IDC Names Securiti a Worldwide Leader in Data PrivacyView
To safeguard the privacy and security of the biometric data belonging to its citizens, the State of Illinois passed the Biometric Information Privacy Act (BIPA) on October 3rd, 2008. BIPA is considered one of the US state's most stringent privacy regulations.
BIPA is one of the foundational privacy laws to address biometric data specifically. It has prompted other states to introduce bills of a similar nature or to include biometric data in their comprehensive data privacy data breach notification or data security laws.
BIPA only applies to private entities. A private entity is defined by Section 10 of the BIPA as any individual, partnership, corporation, limited liability company, organization, or other groups, regardless of how it is set up. A private entity does not include a State or local government agency. A private entity does not include any Court of Illinois, a court clerk, or a judge or justice.
There are certain significant exceptions granted for:
BIPA does not apply to financial institutions or affiliates of financial institutions governed by Title V of the federal Gramm-Leach-Bliley Act of 1999 and the regulations issued thereunder.
BIPA does not apply to contractors, subcontractors, or agents when they are engaged by a State agency or local government unit.
According to Section 10 of BIPA, biometric information is “any information, regardless of how it is captured, converted, stored, or shared, based on an individual's biometric identifier used to identify an individual.”
Biometric Identifiers are further described in Section 10 as:
However, it is also important to note what BIPA excludes a lot of information from the definition of biometric information and biometric identifiers, such as:
Any personal information that can be used to uniquely identify an individual or an individual's account or property.
Examples of confidential and sensitive information include, but are not limited to:
Informed written consent or, in the context of employment, a release executed by an employee as a condition of employment.
Under BIPA, covered entities are subject to a variety of obligations that fall into the following categories:
When a covered entity is in possession of biometric data, it is required to create a public-accessible written policy that specifies a retention period and procedures for permanently erasing biometric data and identifiers when either:
No private entity shall obtain a person's or a customer's biometric identification or biometric information by collection, capture, purchase, receive through trade, or other means, unless:
BIPA prohibits a covered entity from profiting by selling, leasing, trading, or using a person's or customer's biometric information or identifiers.
Any biometric information or identifiers that a person or customer provides to a covered entity cannot be disclosed, redisclosed, or otherwise distributed unless:
All biometric data and identifiers must be stored, transmitted, and kept confidential by meeting the following two standards of care:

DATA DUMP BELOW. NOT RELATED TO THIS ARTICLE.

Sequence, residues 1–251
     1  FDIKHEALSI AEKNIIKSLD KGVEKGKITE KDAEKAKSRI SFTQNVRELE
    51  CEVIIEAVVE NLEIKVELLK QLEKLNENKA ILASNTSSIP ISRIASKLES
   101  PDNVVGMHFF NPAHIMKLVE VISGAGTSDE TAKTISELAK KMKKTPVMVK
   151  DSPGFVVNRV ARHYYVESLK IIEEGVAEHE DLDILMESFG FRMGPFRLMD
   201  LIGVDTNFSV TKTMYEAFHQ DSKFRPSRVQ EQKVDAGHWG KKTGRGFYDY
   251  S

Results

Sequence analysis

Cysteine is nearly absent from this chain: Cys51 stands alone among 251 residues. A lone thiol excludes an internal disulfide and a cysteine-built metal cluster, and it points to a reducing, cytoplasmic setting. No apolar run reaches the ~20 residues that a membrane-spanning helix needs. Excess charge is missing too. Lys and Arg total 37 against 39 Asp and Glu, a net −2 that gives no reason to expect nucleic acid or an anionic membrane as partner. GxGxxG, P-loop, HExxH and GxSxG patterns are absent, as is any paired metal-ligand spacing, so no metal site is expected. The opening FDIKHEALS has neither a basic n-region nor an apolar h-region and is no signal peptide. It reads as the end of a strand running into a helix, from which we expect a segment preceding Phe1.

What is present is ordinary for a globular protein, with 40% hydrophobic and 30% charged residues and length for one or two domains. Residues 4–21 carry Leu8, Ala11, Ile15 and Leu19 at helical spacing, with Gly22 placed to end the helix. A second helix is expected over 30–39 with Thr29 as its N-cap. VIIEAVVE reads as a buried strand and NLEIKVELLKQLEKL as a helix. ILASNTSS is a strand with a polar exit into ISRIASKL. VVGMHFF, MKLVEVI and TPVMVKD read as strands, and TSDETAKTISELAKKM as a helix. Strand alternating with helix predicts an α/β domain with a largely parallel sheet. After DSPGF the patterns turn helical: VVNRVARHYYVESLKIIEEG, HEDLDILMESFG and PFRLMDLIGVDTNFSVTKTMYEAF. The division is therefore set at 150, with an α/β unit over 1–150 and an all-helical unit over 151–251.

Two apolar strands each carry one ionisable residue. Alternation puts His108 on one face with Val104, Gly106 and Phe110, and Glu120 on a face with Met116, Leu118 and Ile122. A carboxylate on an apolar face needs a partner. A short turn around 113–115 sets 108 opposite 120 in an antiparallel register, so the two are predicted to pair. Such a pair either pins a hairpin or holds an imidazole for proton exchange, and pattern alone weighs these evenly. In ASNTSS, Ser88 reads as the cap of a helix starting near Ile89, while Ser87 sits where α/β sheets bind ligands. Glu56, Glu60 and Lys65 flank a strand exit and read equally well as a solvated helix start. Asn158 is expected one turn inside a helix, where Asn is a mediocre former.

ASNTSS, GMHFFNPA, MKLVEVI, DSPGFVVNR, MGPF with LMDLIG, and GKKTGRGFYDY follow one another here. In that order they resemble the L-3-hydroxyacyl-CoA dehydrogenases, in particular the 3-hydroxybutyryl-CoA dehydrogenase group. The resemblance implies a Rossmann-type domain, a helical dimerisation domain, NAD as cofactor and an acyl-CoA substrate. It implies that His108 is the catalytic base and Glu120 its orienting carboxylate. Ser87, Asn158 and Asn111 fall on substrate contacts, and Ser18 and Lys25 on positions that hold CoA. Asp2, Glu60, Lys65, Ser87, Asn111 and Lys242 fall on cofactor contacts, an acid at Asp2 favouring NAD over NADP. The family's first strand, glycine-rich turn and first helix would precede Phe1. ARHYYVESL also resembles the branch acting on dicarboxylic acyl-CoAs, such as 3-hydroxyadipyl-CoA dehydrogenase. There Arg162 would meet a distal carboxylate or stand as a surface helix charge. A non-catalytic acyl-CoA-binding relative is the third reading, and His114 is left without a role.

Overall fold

Covered entities which violate BIPA face the risk of facing the private right of action by affected persons or customers in a State Circuit Court or as a supplemental claim in Federal District Court.
Pursuant to the ruling of the Supreme Court of Illinois in Jorome Tims et al. v. Black Horse Carriers, Inc. [2023 IL 127801], the claims under BIPA are subject to five-year limitation period as prescribed under section 13-205 of the Illinois Code of Civil Procedure (735 ILCS 5/13-205).
Under the Private Right of Action (Section20), an affected victim may recover the following from the covered entity:
BIPA is one of the few laws in the country that grants the owners of biometric data a private right of action. For entities that employ biometric technology, BIPA is a risk in itself. Entities must comply with BIPA if they gather biometric information from Illinois residents for commercial use.
As the world experiences a radical shift in the digital landscape, entities must become even more privacy-conscious of their operations and careful guardians of their consumers' data while automating privacy and security processes for speedy action.
Securiti uses the PrivacyOps architecture to provide end-to-end automation for businesses, combining reliability, intelligence, and simplicity. Securiti can assist you in complying with Biometric Information Privacy Act (BIPA) and other privacy and security standards worldwide. Examine how it functions. Request a demo right now.
The BIPA law in Illinois refers to the Biometric Information Privacy Act. It regulates the collection and use of biometric information, such as fingerprints and facial scans, by private entities in Illinois.
The biometric and genetic information privacy acts in Illinois include the Biometric Information Privacy Act (BIPA), enacted in 2008, and the Genetic Information Privacy Act (GIPA), enacted in 1998 and meant to protect information about an individual's genetic material.
The Illinois Biometric Information Privacy Act (BIPA), passed on October 3rd, 2008, is a law that aims to protect individuals' biometric information from being collected, stored, or used without their informed consent. It introduces several obligations for covered entities along with a private right of action.
BIPA mandates that private entities establish policies and procedures governing the collection, use, disclosure, and storage of biometric identifiers and biometric data from individuals in Illinois.
At Securiti, our mission is to enable enterprises to safely harness the incredible power of data and the cloud by controlling the complex security, privacy and compliance risks.
300 Santana Row
San Jose, CA 95128